The LG SN9YG is a part of the soundbar lineup from the brand. It has an MSRP of $1000, making it a part of an elite company. On paper, it has the bells and whistles to stand up to the competition and surpass them in some cases.
There is no denying that soundbars around the $800 ballpark are increasingly becoming competitive, and people are reluctant to spend the extra dollars. But has LG put in enough juice to woo the buyers to give SN9YG a try? We have set out to find that.
Buy LG SN9YG Soundbar from Bestbuy.com
This is the LG SN9YG review.
List of specifications
|Product Dimensions||48.2 x 2.2 x 5.7 inches (Soundbar) |
8.7 x 15.4 x 12.3 inches (Subwoofer)
|Weight||6.3 kg (Soundbar) |
7.8 kg (Subwoofer)
|Amplifier output||320W (Soundbar) |
|Wireless Audio Protocol||Bluetooth 5.0 |
|Audio Decoding Codecs||DTS Digital Surround |
Dolby Digital Plus
|Connectivity||1 x HDMI In |
1 x Optical TOSLINK – Audio
1 x HDMI Out
1 x micro USB (audio)
- Well-balanced output out-of-the-box
- Higher-than-average loudness
- Unique 5.1.2 configuration
- Some artefact creeping in at max volume
- The user interface isn’t the best
What’s in the box?
- LG SN9YG soundbar
- Wireless subwoofer
- Remote control (AKB75595351)
- 5-inch AC power cord
- 59-inch Optical digital cable
- 2 x “AAA” batteries
- 2 x Wall-brackets
- 2 x Screws
- Wall-bracket installation guide
- User manual
- Warranty card
- Safety information
- LGE Open-Source software notice
Design and build
The build quality of the LG SN9YG is a wide soundbar with sharp edges and a robust exterior made of premium plastic. The front, sides, and the up-firing speakers are covered by a metal grille to add an extra layer of protection. The subwoofer is mostly plastic, and the company has added fabric coating to its three sides.
The soundbar stretches 48.2 x 2.2 x 5.7-inches and is wide by every stretch of the imagination. It weighs 6.3 kg and is unlikely to fit a regular 55-inch TV. It is thankfully not very tall, and that allows you to place it at the foot of your television. The bar also has holes for wall-mounting, and the package comes with brackets and screws to allow that conveniently.
The subwoofer is 8.7 x 15.4 x 12.3-inches and weighs 7.8 kg. It pairs wirelessly to the bar and has a port at the bottom to incorporate the power cord. It is detachable and sticks out from the rest of the body.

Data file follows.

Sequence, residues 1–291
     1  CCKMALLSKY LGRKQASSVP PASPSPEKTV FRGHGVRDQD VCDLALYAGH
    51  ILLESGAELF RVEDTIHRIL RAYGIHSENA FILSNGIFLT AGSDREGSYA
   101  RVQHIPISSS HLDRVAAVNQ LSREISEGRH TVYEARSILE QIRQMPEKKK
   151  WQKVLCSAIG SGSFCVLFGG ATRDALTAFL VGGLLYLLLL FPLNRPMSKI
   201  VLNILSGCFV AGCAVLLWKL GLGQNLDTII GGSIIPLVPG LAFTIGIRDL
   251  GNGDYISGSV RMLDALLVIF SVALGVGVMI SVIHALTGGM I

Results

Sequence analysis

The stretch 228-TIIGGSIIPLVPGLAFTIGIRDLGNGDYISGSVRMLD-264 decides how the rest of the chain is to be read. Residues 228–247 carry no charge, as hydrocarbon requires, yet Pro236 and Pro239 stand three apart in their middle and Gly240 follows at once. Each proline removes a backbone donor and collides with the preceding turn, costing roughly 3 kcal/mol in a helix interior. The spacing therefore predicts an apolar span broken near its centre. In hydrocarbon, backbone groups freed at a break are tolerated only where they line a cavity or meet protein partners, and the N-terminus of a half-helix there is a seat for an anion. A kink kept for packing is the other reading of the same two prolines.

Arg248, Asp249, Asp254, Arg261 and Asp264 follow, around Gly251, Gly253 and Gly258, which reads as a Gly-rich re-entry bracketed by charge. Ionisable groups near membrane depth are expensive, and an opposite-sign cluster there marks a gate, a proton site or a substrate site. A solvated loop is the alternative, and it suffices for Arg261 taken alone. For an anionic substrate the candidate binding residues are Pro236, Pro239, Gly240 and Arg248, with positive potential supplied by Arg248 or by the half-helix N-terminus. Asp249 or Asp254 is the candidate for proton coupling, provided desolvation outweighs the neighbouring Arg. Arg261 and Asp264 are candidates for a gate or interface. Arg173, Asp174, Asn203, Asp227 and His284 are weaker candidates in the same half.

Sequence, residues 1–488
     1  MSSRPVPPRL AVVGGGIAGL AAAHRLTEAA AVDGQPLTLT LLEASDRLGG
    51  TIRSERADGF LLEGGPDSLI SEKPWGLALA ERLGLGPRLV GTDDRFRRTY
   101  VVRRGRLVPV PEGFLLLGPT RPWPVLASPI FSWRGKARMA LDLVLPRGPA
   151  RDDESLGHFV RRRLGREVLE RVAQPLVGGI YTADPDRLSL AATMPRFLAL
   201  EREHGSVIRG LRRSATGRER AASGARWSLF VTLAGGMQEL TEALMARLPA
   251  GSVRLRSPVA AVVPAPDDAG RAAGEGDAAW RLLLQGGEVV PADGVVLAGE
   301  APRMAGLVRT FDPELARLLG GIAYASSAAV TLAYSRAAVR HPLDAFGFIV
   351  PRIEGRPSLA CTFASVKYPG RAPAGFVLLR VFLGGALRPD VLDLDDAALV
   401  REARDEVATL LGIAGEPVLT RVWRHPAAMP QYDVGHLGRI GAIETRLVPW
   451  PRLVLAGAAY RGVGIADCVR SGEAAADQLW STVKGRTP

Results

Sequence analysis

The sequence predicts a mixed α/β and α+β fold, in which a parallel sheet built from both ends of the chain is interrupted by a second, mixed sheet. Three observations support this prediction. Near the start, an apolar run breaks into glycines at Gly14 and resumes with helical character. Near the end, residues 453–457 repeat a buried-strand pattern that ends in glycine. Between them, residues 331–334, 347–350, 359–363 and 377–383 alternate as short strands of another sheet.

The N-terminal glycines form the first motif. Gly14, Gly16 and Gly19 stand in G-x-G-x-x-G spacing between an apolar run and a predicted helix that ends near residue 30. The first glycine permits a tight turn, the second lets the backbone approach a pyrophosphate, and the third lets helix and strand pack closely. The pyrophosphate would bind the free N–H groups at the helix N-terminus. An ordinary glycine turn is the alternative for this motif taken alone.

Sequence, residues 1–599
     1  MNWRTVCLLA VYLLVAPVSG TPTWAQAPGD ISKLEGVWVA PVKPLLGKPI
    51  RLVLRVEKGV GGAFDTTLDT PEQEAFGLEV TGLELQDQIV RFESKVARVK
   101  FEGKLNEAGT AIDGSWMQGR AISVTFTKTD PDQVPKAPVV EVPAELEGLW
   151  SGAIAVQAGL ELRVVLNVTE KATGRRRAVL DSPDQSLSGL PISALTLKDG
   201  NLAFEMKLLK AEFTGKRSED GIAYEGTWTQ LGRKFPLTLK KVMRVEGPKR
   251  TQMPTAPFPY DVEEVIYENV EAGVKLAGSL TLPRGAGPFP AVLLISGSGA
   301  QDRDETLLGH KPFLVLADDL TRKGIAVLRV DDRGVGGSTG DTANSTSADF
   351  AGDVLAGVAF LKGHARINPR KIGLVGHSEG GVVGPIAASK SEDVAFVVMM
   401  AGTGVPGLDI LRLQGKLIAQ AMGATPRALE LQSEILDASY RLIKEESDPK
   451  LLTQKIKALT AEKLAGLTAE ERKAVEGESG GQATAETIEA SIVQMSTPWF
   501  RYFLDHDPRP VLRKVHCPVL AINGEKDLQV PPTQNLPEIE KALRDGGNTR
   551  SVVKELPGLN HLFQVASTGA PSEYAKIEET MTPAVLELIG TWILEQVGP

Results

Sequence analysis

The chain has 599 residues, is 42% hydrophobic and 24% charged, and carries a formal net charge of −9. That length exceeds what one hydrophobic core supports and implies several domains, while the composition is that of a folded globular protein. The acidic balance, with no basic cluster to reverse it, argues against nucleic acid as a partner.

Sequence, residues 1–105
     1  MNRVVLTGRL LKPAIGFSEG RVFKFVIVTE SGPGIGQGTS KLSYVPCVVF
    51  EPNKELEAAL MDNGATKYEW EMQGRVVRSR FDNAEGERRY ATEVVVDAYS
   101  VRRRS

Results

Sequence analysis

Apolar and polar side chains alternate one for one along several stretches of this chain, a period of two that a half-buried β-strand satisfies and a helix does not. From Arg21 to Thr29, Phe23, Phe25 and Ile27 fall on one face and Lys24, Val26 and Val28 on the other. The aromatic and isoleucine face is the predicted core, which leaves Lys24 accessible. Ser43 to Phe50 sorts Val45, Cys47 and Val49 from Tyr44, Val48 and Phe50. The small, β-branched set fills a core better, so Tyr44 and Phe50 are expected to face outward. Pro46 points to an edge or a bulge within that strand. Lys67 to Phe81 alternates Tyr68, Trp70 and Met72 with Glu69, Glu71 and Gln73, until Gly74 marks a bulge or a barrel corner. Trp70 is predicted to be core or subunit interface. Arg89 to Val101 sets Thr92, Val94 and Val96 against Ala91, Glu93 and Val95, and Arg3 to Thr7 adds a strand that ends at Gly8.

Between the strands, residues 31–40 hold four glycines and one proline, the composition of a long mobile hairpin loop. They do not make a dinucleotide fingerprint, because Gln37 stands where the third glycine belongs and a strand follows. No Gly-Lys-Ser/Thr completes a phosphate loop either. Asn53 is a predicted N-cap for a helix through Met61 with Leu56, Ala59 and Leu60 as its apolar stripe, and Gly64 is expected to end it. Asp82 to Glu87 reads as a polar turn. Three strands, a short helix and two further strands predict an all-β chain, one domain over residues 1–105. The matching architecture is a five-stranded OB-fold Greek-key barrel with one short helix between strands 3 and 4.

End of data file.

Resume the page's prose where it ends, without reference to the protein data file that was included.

The bar has one opening at the back for all its inputs. The LG SN9YG soundbar doesn’t have satellite speakers, and we are quite accustomed to that omission. Overall, the LG SN9YG is a well-built device. It feels sleek, and the materials make it feel robust and premium. Although the fabric coating is a dust magnet, you will notice that most other manufacturers are doing it too.
The LG SN9YG comes equipped with a five-character display hidden behind the front metal grille towards the right side of the bar. Given the spacing constraint, its benefits are somewhat limited but is better than not having any at all. It displays any change in settings and lights up when you make any changes. Also present are four dots beneath the LCD screen to show the current volume levels.
Like most other bars in this price segment, it also gets some touch-sensitive buttons on the top of the bar. These let you power on/off the device, switch inputs, volume up/down, mute the mic, and active Google Assistant.
The LG SN9YG soundbar package has a palm-sized remote to manoeuvre the settings of the device. You can control all the functions of the bar using it, but it is not universal, meaning that you cannot control other devices via it. One not-so-meaningful omission is the inability to fiddle with the room correction feature. It is exclusively available via the app, and we don’t have any sane reason to justify the same.
The LG soundbar has a companion app, LG WI-Fi Speaker. It is available on both Google and iOS app store and offers the basic toggles, such as volume levels, sleep timer, and dynamic range. It has a room correction option which you can turn on/off depending on your usage.
The bar also ships with a Power Saving option which automatically turns it off after 15 minutes of inactivity. It also supports HDMI CEC, allowing you to control its essential functions via any other IR remote control.
The LG SN9YG soundbar has a decent set of physical inputs. There are slots for HDMI In and HDMI Out, an Optical In, and a USB slot, which only supports audio. It misses out on 3.5mm jack, which has been a norm nowadays, making it impossible to connect your old devices physically to the bar.
The soundbar has support for HDMI eARC, allowing it to accommodate all the major audio codecs. You get support for DTS Digital Surround DTS:X, DTS-HD, Dolby Atmos, Dolby Digital Plus, LPCM, and Dolby TrueHD via its HDMI ports.